For thousands of years, the Kunlun Mountains have remained well known in Chinese folklore and mythology. It is said the Royal Mother of the West is the immortal owner of the mountains, and the Black Sea, the headstream of the Kunlun River, is her abode named Jade Pond. The bamboo slips unearthed from an ancient tomb in Henan Province record such a legend: King Mu of the Zhou Dynasty (C. 11th-256B.C.) rides eight steeds, which can run 10,000 miles a day, to meet the Royal Mother of the West in the Jade Pond. Before his departure for the return trip, the goddess presents him with eight carriages loaded with jade, and makes an appointment with the king to again meet three years later.

The Kunlun Mountains and the Himalayas are located at the junction of two continental plates. Due to ongoing collision between the two plates over billions of years, as well as the crushing force from magmata under the crust, a special sort of stone was formed – Kunlun jadeites.

The history of jade culture in China dates back to the prehistoric period. A large quantity of jade ritual artifacts from the Neolithic Period was discovered at the Lajiacun Ruins in southern Minhe County, Qinghai Province. According to Archeologist Wang Renxiang, unearthed chime stones and jade relics indicate the place was a distribution center for jade wares, rather than just an ordinary primitive village. It was proven that most of these valuable jade relics come from the nearby Kunlun Mountains.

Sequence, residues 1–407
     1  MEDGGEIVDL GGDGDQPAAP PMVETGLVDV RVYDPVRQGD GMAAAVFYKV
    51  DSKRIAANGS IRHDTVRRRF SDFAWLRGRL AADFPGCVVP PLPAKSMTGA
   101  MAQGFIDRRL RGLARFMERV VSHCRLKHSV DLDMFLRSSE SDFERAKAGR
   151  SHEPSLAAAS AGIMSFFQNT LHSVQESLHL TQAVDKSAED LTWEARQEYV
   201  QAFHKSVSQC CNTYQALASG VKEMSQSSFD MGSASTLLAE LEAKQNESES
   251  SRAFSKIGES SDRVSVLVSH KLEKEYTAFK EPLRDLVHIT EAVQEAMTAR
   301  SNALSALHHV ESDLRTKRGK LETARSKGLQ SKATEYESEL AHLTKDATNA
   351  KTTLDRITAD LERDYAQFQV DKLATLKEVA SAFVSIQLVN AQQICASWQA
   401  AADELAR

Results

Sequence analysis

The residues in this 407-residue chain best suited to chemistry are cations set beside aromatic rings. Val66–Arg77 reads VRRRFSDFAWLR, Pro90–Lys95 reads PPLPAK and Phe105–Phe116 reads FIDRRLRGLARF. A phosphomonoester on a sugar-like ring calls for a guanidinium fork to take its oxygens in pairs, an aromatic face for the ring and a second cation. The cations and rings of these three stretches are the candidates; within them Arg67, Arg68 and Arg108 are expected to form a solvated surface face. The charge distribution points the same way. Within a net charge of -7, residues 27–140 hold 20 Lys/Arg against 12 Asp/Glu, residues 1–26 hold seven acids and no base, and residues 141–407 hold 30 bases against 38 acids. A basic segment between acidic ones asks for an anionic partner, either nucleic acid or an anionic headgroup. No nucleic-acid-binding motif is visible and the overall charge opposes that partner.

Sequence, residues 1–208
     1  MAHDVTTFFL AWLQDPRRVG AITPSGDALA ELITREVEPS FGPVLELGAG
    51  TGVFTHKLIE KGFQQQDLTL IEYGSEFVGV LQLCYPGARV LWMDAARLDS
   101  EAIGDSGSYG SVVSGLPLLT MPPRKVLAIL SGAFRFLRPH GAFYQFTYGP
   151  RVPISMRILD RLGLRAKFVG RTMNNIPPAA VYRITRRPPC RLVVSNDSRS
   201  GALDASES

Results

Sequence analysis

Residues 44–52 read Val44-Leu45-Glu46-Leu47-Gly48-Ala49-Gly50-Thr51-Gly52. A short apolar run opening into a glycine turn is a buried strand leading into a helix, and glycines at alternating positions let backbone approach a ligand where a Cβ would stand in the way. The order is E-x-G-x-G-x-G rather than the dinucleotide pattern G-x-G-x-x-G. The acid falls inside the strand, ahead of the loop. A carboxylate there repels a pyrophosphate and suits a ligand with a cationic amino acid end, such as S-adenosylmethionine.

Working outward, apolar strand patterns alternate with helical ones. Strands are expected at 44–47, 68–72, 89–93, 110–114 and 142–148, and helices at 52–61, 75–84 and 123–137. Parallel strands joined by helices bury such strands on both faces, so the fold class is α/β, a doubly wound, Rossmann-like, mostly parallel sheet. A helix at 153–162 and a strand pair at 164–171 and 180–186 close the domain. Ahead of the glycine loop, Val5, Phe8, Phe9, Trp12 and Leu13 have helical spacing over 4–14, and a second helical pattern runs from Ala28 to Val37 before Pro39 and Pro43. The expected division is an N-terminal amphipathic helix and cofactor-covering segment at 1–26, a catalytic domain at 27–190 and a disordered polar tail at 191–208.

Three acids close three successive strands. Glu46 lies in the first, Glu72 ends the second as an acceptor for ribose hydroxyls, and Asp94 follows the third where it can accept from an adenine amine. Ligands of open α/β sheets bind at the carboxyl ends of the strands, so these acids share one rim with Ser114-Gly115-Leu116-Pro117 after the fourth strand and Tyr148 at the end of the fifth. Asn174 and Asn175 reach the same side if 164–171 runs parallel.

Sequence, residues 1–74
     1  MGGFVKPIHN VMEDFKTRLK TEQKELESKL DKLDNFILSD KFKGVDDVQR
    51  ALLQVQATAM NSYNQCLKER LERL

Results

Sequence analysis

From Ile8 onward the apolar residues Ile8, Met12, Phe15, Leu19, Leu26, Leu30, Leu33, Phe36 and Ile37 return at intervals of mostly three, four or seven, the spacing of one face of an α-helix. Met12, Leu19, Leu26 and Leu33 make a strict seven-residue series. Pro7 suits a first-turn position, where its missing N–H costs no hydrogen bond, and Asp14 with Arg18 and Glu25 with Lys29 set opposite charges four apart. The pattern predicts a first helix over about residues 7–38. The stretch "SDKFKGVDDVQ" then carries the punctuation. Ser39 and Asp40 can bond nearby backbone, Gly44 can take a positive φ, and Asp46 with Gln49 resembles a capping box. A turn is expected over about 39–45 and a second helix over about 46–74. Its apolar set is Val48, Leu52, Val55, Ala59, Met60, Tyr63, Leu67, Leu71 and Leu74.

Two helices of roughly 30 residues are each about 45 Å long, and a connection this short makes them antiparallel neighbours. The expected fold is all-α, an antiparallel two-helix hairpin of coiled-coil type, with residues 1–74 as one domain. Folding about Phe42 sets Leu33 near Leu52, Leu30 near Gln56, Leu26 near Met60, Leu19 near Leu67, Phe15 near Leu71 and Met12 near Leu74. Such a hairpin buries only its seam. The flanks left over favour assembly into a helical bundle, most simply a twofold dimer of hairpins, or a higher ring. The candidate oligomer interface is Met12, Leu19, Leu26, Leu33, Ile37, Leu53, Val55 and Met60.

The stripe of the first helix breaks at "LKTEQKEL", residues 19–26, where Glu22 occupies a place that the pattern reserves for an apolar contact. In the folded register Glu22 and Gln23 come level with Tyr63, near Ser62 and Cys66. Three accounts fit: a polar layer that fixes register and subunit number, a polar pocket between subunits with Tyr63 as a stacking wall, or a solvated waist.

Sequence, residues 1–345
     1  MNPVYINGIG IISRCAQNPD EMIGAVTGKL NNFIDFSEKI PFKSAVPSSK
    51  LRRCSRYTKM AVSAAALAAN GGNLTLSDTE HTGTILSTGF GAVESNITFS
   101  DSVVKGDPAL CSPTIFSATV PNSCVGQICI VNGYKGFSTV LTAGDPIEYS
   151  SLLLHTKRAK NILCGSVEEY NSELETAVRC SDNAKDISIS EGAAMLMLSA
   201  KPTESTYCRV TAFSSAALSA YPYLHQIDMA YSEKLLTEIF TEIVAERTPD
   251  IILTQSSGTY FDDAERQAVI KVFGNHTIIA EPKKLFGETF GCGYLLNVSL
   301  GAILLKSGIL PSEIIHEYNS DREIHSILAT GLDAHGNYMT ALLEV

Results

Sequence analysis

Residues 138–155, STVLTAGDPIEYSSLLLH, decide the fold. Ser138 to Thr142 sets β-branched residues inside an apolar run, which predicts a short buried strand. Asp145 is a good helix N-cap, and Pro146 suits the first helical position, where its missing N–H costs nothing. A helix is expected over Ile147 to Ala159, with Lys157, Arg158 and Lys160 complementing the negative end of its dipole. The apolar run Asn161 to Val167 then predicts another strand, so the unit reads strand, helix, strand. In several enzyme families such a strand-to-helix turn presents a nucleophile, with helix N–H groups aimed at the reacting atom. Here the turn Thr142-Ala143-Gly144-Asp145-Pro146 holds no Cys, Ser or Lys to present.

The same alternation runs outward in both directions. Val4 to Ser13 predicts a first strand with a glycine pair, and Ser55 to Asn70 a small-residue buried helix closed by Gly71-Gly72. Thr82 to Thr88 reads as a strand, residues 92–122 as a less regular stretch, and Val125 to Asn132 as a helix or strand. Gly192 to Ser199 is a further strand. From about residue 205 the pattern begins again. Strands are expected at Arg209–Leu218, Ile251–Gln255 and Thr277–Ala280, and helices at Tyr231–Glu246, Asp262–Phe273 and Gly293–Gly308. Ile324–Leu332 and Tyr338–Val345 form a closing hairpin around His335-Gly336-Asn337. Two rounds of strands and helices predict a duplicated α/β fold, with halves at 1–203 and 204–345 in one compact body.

According to traditional Chinese culture, Kunlun jade has the power to repel bad luck. Perhaps this belief is a little superstitious. However, scientific research has revealed that Kunlun jade contains trace elements of selenium, zinc, copper, cobalt and manganese. These elements may be absorbed by the human body if one wears jade jewels for extended periods, thus internal balance is maintained and ailments dispelled.

Mountain Miners

There is a primary jade mine on the top of a peak in the Wild Ox Valley, at an altitude of nearly 5,000 meters on the Kunlun Mountains. This is a place full of both seduction and uncertainty. The jade produced here boasts tender texture and superb quality. In such a nation like China, where jade culture prevails, a piece of high-quality stone is valuable. The stories of many getting rich by exploring jade mines entice more people to come here to seek their dream of wealth.